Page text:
8

Under the new scheme, as under the prior scheme, the provider files a cost report with its intermediary at the end of its fiscal year and makes a claim for reimbursement. However, unlike under the pre-1972 scheme, the intermediary does not then apply the "substantially out of line" test to determine which of the provider's costs are to be allowed. Rather, after the intermediary has audited the provider's cost report, it simply disallows those costs in excess of the cost limits established by the HCFA.

9

Along with the regulations authorizing the HCFA to set cost limits, the Secretary has also promulgated regulations establishing a process by which a provider can, in certain defined circumstances, seek an adjustment of the limits as applied to its claim. For example, a provider classified as a rural hospital for the purposes of the cost limits may apply for reclassification as an urban hospital. 42 C.F.R. Sec. 413.30(d) (1986). Additionally, a provider may obtain an exemption from the limits if it is the sole hospital in a community, a new provider, a risk-based health maintenance organization (HMO), or a rural hospital with fewer than fifty beds. Id. Sec. 413.30(e). Finally, a number of exceptions for specific costs are available, including exceptions for "atypical costs," costs incurred under "extraordinary circumstances," and costs incurred in connection with medical education programs. Id. Sec. 413.30(f).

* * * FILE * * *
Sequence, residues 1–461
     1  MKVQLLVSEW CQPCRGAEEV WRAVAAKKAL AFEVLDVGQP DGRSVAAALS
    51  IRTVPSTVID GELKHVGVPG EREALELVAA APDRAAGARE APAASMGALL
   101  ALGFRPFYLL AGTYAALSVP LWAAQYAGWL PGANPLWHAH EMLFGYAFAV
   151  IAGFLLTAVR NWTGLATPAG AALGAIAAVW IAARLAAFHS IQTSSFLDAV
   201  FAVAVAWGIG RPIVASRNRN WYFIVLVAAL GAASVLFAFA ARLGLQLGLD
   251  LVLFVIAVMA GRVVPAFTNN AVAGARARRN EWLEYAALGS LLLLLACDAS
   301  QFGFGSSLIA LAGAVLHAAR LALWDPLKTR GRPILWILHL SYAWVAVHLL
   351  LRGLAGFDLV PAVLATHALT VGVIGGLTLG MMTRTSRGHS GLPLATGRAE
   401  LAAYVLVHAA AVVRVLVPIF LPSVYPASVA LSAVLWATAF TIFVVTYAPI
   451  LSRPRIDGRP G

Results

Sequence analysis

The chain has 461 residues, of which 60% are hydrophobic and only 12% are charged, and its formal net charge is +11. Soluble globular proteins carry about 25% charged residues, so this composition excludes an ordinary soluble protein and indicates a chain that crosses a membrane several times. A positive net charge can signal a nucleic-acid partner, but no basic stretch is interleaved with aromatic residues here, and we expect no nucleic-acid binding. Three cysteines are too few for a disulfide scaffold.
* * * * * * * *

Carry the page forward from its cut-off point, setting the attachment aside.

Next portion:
10